Unlike its F1 ‘counterpart,’ the One comes with ABS as standard – something of a relief if you’re covering the length of a soccer field in just over a second at full chat – and a three-way traction control program, the latter of which works in tandem with the aerokit: select ‘Highway,’ for example, and the wheel arch louvres close, the active flaps on the front diffuser are disconnected, and the rear spoiler is retracted; select ‘Track,’ and the louvres open, the vehicle lowers (37 mm at the front, 30 mm at the rear), and the front diffuser and rear spoiler extend for maximum downforce, up to five times that of ‘Highway’ mode. A lifter embedded in the front axle means owners need not worry about scraping that carbon splitter on road humps.
There’s even an F1-esque Race DRS button that closes the louvres and retracts the rear wing entirely to maximize straight-line speed. Bear in mind, downforce is slashed by 20 per cent during this operation, and the system automatically deactivates when the brakes are pressed.
Speaking of which, the One features a ‘weight-optimized’ AMG Carbon Ceramic brake package – six-piston, 398 x 38 mm at the front; four-piston, 380 x 34 mm at the rear – designed to last longer and withstand higher temperatures. In a neat touch, the nine air vanes on each wheel funnel cooling air directly to their respective brake discs.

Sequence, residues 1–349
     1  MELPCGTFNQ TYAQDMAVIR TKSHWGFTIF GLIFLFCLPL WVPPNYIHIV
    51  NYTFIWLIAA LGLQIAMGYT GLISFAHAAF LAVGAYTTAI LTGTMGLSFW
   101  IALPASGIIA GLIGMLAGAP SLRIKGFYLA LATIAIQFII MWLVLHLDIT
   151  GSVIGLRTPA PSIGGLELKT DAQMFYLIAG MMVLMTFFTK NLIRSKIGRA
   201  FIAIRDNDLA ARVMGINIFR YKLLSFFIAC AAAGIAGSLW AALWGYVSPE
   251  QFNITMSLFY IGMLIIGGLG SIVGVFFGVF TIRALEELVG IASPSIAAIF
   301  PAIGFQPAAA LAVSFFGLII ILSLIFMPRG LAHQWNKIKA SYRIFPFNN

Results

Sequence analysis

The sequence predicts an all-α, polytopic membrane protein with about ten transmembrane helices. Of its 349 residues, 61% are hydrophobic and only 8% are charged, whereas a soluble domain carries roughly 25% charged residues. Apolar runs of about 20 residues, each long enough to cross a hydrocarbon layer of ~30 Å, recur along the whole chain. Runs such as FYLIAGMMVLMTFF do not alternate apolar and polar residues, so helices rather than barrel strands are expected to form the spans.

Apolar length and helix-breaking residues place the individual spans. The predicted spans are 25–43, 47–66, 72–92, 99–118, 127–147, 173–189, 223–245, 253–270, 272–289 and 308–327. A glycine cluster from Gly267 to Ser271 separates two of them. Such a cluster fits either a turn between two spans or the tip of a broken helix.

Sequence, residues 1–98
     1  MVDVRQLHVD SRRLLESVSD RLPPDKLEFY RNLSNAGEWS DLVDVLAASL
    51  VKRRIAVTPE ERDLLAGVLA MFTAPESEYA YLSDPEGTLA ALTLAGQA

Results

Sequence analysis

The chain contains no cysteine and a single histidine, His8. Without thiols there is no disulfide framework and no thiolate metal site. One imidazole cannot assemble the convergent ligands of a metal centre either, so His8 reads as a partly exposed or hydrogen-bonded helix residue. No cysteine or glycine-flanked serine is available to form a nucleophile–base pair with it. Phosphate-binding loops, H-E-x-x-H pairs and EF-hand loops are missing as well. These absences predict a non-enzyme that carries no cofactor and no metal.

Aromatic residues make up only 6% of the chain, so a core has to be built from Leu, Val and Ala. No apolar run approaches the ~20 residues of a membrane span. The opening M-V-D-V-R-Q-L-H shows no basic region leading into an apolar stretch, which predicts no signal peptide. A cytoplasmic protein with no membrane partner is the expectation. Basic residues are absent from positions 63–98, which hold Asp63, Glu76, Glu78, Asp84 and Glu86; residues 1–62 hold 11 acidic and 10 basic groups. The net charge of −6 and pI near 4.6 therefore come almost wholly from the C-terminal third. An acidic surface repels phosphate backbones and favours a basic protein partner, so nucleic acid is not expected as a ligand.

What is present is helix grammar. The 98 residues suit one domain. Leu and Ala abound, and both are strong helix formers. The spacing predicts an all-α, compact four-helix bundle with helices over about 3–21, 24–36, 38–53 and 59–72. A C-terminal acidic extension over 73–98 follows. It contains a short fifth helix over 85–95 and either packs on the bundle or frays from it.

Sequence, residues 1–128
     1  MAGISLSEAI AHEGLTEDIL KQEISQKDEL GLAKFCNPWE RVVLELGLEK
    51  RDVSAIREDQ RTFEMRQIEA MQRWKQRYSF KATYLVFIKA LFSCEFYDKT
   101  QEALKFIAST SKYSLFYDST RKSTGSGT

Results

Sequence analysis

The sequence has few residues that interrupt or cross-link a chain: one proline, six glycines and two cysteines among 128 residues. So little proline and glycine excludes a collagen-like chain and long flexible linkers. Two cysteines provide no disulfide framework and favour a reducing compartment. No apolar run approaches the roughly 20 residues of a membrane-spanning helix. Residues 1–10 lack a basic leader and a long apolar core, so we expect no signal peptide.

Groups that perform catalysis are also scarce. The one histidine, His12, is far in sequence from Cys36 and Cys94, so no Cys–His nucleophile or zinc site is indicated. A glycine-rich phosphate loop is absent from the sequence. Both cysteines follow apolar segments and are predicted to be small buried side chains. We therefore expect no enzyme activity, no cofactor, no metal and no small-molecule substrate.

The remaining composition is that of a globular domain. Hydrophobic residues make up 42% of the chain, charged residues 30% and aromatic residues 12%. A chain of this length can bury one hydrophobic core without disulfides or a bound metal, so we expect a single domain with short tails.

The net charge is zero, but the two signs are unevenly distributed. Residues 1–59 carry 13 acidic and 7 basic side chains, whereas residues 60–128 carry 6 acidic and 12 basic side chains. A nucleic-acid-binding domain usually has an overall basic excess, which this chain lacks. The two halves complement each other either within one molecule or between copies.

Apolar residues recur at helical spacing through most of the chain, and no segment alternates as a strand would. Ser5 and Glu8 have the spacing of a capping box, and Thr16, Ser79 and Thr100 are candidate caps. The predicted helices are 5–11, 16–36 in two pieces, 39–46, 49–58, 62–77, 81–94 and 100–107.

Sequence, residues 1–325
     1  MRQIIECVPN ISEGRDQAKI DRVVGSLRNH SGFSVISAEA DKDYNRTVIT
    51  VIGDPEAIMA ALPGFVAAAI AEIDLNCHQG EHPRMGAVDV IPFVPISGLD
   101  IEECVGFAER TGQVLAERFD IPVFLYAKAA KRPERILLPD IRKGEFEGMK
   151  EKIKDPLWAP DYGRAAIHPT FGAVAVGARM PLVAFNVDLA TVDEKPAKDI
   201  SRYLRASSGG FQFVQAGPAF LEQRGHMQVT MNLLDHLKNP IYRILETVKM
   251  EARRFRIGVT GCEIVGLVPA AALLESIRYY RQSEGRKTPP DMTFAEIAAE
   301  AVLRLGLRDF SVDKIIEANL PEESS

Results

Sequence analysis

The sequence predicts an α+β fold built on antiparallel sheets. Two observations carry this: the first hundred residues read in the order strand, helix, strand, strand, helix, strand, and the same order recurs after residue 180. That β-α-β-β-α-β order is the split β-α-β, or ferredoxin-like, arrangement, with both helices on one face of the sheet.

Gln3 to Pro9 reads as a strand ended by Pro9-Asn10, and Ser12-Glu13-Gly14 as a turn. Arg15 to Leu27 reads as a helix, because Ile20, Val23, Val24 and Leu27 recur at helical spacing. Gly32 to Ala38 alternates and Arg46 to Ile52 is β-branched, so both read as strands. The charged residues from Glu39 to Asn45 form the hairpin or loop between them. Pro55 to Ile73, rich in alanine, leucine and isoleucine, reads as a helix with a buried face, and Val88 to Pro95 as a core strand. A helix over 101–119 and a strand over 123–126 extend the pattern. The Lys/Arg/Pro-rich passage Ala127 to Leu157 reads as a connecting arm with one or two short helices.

Inside, the fixed-back AMG sports seats can be reclined from 25-degree angle to a more ‘leisurely’ 30-degrees, though the seats themselves are mounted in-place for better weight distribution. Thus, the F1-style race steering wheel – into which a sequence of ‘shift lights’ have been incorporated – and pedal box and electronically and mechanically adjustable respectively.
While the cabin is suitably sparse – the slim dash prioritizes maximum visibility, and even the carbon fibre transmission tunnel is a functional part of the support structure – two, 10-inch screens have been incorporated for the driver display and the infotainment system. The latter also doubles up as a rear-view mirror, given the limited visibility of the opaque engine cover.
A limited-run edition, the Mercedes-AMG ONE will be available to just 275 customers, and only after each has forked over a staggering, reputed £2.5 million (around $3.95 million). You’ll not be in the least bit surprised to hear that all examples have now been spoken for.
Presented this week, 55 years after AMG’s foundation in June 1967, the ONE will make its dynamic debut at the upcoming Goodwood Festival of Speed.